How about Mystery?
    1. Something secret or unexplainable
    2. Something with an obscure or puzzling nature.
That just about sums up all fiction, doesn’t it?

I decided the dictionary wasn’t enough help, so I turned to the fount of all wisdom, Wikipedia.

'Crime fiction is the literary genre that fictionalises crimes, their detection, criminals and their motives.' Okay, no one can argue with that.

'Thrillers are characterized and defined by the moods they elicit, giving viewers heightened feelings of suspense, excitement, surprise, anticipation and anxiety.'  But then, I’d have thought, so do romances, or historical novels, or travel memoirs.

'Mystery fiction is a genre of fiction usually involving a mysterious death or a crime to be solved.' So, it’s crime fiction.

  

I’ve usually settled for saying that I write psychological crime mysteries, because I focus mostly on the characters and the effect a crime has on them. But, according to Wikipedia, ‘Psychological thriller is a thriller story which emphasizes the unstable mental and emotional states of its characters… with similarities to Gothic and detective fiction in the sense of sometimes having a "dissolving sense of reality", moral ambiguity, and complex and tortured relationships between obsessive and pathological characters.’ Which is a bit more than I had in mind, though it fits my last book best.

And, of course, there’s Noir. Another splendid term that I couldn’t quite define, but it puts me in the same bracket as everything Scandinavian, so that’s okay. According to Wikipedia, ‘Noir fiction (or roman noir) is a literary genre closely related to hardboiled genre with a distinction that the protagonist is not a detective, but instead either a victim, a suspect, or a perpetrator. Other common characteristics include the self-destructive qualities of the protagonist. A typical protagonist of noir fiction is dealing with the legal, political or other system that is no less corrupt than the perpetrator by whom the protagonist is either victimised and/or has to victimise others on a daily basis, leading to a lose-lose situation.’
Blimey. Right. Well, why not?


Of course there is always the genre label ‘Suspense.’

The dictionary offers two definitions.
    1. The pleasurable emotion of anticipation and excitement regarding the outcome or climax of a book.
    2. The unpleasant emotion of anxiety or apprehension in an uncertain situation.

That is ridiculously wide. It’s either pleasant excitement or unpleasant anxiety. On the other hand, it probably gets to the root of what is so alluring about crime fiction. The two definitions cross over. We actually take pleasure in being alarmed and apprehensive. We find pleasurable emotion in the horror of murder and revel in our own terror – just as long as it’s not quite real. Not something that’s going to wreck our lives, once we shut the book. We can look into a fictional mirror and see our darkest inner self let loose, knowing that, off the page, the dark side is buried so deep we will never allow it to surface.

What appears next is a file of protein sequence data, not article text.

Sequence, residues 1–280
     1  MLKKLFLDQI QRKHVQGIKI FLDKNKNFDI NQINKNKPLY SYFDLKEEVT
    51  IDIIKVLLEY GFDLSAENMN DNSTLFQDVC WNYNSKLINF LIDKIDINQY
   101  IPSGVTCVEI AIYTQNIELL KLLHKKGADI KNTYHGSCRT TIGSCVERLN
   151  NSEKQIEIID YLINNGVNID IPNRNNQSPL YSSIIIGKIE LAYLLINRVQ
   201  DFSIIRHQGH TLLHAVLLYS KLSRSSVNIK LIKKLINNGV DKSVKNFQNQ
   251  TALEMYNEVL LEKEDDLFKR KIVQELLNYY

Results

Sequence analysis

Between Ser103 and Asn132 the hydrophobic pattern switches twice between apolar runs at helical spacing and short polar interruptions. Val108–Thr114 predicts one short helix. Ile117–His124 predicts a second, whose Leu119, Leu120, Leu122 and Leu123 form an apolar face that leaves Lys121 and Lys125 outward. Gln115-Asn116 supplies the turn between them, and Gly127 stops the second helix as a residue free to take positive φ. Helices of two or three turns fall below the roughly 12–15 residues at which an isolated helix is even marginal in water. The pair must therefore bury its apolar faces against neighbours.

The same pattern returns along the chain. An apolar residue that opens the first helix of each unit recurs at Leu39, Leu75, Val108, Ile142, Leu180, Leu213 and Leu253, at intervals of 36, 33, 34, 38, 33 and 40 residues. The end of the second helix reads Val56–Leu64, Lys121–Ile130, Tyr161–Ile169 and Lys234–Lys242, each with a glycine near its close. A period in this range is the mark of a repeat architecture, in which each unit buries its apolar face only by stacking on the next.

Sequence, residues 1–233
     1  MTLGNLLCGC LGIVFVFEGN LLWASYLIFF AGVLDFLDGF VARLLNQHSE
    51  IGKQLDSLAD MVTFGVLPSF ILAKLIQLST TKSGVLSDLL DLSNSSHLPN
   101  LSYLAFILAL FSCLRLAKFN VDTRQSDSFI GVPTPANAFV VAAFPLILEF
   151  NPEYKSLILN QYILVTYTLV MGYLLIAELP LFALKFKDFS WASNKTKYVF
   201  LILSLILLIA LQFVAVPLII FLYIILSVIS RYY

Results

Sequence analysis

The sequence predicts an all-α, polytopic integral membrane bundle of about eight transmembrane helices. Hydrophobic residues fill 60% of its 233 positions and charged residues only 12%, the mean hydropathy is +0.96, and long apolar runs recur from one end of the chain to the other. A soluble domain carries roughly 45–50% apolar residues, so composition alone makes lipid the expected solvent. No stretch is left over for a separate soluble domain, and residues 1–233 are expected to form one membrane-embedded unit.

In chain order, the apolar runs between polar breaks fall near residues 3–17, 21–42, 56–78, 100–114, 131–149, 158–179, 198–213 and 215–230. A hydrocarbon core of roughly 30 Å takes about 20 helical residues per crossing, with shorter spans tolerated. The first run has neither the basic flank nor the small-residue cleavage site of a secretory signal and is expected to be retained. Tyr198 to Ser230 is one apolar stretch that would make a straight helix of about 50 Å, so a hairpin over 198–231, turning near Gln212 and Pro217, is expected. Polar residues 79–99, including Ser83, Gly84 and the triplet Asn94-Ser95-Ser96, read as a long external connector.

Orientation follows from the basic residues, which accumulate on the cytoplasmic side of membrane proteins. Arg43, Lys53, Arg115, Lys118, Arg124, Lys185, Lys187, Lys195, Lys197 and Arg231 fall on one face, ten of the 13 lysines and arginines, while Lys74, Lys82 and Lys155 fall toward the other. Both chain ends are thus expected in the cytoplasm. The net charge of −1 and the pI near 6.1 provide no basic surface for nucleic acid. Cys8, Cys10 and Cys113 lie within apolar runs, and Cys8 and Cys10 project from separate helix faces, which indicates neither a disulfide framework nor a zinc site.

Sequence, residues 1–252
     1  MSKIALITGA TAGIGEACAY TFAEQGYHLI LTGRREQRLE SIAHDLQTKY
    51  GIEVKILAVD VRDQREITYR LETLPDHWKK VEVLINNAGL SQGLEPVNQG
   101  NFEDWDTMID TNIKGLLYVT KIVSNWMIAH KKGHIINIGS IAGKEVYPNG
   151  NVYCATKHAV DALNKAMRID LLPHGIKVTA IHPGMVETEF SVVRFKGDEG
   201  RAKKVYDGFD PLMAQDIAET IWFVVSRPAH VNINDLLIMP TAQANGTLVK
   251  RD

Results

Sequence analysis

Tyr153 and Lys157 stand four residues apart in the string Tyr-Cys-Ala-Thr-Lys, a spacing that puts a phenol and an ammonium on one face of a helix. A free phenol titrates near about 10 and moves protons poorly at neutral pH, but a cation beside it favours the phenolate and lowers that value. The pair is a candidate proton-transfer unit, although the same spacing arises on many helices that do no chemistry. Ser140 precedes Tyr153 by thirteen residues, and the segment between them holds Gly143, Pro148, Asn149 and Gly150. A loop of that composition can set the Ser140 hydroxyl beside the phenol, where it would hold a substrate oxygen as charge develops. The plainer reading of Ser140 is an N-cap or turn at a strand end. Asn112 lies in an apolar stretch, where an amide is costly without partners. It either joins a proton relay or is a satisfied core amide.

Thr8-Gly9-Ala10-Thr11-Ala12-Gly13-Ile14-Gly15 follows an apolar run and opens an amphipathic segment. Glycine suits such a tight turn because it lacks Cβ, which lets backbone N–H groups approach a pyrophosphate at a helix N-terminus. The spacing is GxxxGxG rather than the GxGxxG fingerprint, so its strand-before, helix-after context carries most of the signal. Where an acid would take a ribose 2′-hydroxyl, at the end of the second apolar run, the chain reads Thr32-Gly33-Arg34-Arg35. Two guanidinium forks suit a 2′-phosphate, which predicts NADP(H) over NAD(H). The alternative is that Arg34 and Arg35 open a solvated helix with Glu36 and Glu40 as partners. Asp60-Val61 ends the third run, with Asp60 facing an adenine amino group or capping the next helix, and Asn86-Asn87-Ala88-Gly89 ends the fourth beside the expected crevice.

Unless…


Check out my latest book, definitely a noir crime mystery thriller.

The Unravelling


Monday, 25 July 2016

On Tour



From today, 25th July, The Unravelling features in a blog tour, organised by Brook Cottage Books.



And it has got off to a brilliant start, with a review from Anne Williams on “Being Anne.” I couldn't hope for a better review.

Here is the full timetable for the tour.

Date: 25th July
- Being Anne
- Chill With A Book

Date: 26th July
- Fiction Dreams

Date: 27th July
- Pauline Barclay
- The Book Review Cafe

Date: 28th July
- Celtic Connexions
- Authors & Readers Corner

Date: 29th July
- Best Chick Lit

Date: 1st August
- Brook Cottage Books
- Victoria's Pages of Romance

Date: 2nd August
- Tracey Rogers

Date: 3rd August
- Devika Fernando
- Judith Barrow

Date: 4th August
- The Bingergread Cottage
- Bloomin Brilliant Books

Date: 5th August
- The Book Magnet
- Jo Lambert







Tuesday, 19 July 2016

apples and other memories

The Unravelling is published tomorrow.
It begins with Karen Rothwell driving home from work on a miserable night. An apple drops from her bag and rolls into a gutter. That is enough to spark memories of a girl she hasn’t thought about for 35 years.

I don’t think I have been blocking out any memories, all these years, but then, of course, if I had, I wouldn’t know. But I do know how random sights, sounds and smells can bring memories back to life with a suddenness that leaves me feeling as if I’m walking in past and present at once.


There’s a smell you get in institutional corridors and when I get a whiff of a specific version of it, I am immediately a child back at my first day at school and I can see a donkey. There was a pen and ink drawing of a donkey on the corridor wall of my infant school, and I am sure it was an excellent piece of artwork, but to a small child it was sinister and unnerving. You didn’t want to turn your back on that donkey.
What was the smell lurking in that school corridor? Paint, disinfectant and polish, I imagine, and, since it was crowded with terrified five-year-olds, probably a ripe mix of bodily fluids, stale milk and boiled sweets. A very precise mix. Leave out one or two of the mysterious ingredients, and you just have a not very pleasant smell equated with hospital corridors and council offices, but get it exactly right, and in a flash, time spins backwards.

Pink custard is another prompt. Not that I see much of it, but when I do…